"We have been looking into e-commerce for quite a while now and realised that staying away is no longer a matter of choice. We have to be in it and luckily we ventured out to the frontier quite early. It gave us an insight of what needs to be done," said Lee.
The online store is divided into three categories: special occasions, corporate gifts and student needs. Between 100 and 200 items are available for sale on its Web site. Prices for all these items are reduced slightly but do not include delivery charges. "When you add the freight charges, the amount you'd be paying matches that at our stores," said Lee.
The online store also charges a 3% goods and services tax for total purchases above S$300 (US$175) per consignment shipped to a Singapore address. Under normal circumstances, the store will make deliveries within 10 days upon confirmation of the order to addresses in Malaysia and Singapore.
The initial pickup rate of its online store was very slow. Lee attributed it to the small number of Internet users in Malaysia and more importantly to the infrastructure for payment and delivery which was not clearly defined. Locals also did not have the confidence to shop online. Furthermore, progress was hampered by most bankers' hesitance to change and support e-initiatives due to Y2K worries last year.
"My colleagues and friends used to ask me what is an e-wallet or what is SSL (Secure Socket Layer) or SET(Secure Electronic Transaction). There are a lot of issues that need to be trashed out and unless education on e-commerce is stepped up, online shopping will be slow in coming," he disclosed.
But speed bumps along the high speed electronic lane has not stopped the retailer from continuing its endeavours in the virtual world. It just prompted Parkson to further question its motives and seek justification to the decisions made.
Parkson Corp certainly does not foresee the online venture generating any income in the next two years. "We are here to learn and to discover the potential," reiterated Lee.
And the tide is certainly turning in their favour. As the 'Net has brought a wave of new computer users, the government's push for the public to buy computers with the PC Ownership Campaign is expected to create a pool of 'Net shoppers in the future.
Furthermore, with a sturdier infrastructure being laid out, wider bandwidth and global efforts to strengthen security to trade on the 'Net serves to enhance Parkson's move to e-tailing.
However, Lee conceded that grey areas including fraud, return of goods, matters related to banking and law must be tackled before the volume of online shoppers here will grow.
Lee also pointed out that the civil servants' lack of IT awareness is often a stumbling block. He cited an instance where they were informed by a government official that they could offer online shopping without securing a valid trading license.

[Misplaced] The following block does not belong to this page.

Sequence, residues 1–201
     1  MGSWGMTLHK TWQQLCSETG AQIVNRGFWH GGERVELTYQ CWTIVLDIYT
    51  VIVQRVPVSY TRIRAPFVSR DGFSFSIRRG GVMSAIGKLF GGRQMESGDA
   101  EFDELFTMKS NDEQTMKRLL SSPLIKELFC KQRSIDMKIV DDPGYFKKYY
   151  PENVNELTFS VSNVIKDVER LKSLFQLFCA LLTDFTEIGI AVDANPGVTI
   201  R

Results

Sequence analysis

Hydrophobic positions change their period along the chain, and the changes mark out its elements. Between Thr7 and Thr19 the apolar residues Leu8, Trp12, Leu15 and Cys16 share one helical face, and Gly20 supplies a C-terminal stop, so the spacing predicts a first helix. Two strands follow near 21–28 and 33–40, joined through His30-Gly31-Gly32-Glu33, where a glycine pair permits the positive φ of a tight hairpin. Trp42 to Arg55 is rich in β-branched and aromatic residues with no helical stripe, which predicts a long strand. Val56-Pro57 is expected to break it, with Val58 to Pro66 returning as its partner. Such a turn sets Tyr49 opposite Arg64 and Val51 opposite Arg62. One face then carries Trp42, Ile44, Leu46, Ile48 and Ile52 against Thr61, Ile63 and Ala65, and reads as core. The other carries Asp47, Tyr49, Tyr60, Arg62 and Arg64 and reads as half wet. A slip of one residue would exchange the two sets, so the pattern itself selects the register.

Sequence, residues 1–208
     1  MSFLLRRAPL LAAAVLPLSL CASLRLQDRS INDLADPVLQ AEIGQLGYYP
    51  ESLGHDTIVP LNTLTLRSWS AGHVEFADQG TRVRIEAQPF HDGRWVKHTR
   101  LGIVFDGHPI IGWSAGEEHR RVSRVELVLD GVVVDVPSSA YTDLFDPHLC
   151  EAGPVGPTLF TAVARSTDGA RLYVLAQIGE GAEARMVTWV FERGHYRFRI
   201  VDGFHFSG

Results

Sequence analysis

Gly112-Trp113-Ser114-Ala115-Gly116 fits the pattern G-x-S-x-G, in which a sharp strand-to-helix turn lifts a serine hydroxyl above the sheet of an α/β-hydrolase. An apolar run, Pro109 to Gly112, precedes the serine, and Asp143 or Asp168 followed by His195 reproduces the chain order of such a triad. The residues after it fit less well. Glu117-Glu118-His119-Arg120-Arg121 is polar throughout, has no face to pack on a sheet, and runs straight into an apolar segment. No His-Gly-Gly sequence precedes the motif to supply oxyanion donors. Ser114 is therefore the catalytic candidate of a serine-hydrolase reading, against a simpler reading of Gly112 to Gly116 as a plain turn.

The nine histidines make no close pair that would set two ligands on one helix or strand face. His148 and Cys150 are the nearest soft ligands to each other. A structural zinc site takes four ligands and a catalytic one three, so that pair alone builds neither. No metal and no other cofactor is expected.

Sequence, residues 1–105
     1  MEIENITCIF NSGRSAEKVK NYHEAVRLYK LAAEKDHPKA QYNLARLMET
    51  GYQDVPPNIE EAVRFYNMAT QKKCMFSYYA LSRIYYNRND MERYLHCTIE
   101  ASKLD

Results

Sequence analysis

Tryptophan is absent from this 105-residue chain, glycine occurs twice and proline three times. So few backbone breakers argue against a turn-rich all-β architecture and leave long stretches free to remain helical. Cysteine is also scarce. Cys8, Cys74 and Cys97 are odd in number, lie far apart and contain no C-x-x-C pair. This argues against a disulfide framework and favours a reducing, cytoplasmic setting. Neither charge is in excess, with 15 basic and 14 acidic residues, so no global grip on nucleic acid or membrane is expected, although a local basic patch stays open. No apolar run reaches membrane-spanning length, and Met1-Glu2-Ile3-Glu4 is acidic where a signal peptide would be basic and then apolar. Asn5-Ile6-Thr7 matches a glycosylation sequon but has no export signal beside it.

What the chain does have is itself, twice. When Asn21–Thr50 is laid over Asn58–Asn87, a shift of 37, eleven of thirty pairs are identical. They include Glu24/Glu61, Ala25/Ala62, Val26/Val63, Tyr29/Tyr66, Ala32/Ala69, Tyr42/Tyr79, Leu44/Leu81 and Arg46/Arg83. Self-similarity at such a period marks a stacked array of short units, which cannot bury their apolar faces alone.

"Although we are aware of other e-tailers who are trading online without a license, we wanted to go by the book and get our papers in order before starting out," he said.
With a year's experience on the Web, Lee is studying several options that the company is keen to put in place to enhance its 'Net offerings. For example, the type of goods that would do well online, as well as opportunities to sell abroad, to open up payment options and to work with foreign or international customers.
"We are in the midst of a tie-up with Hong Leong Bank to allow MasterCard holders to shop online," said Lee, adding that it had tied up with Maybank to expedite VISA payments when the online mall was opened.
Judging by the traffic, Lee also hopes to further define consumer needs as competition widens as going online is a double-edged strategy. "On one hand we are global and on the other hand, the competition manifolds overnight. People have more choices," he said.
However the retailer is not banking on price conscious consumers but will concentrate its promotions on the current pool of customers. Lee emphasised that pricing is no longer the major determinant and placed higher value on other factors such as speed, variety and service.
"We will study the traffic and evaluate the feedback in order to cater to their needs. We are also seriously studying cross-border sales over the 'Net as it is a lucrative option. However we will need to iron out issues related to tax and the logistics related to this," he said.
Lee also pointed out that many shoppers of its physical store in the southern part of Johor are from Singapore which present a large potential group for its e-commerce venture. "We are looking at ways on how best to tap that market," he said.
At the end of the day, the benefits far outweigh the downside as the 'Net provides consumers as well as its practitioners a global market at a cheaper alternative. "With the right amount of products and correct channel for information, we are optimistic of doing well."
Published in Intelligent Enterprise, May 2000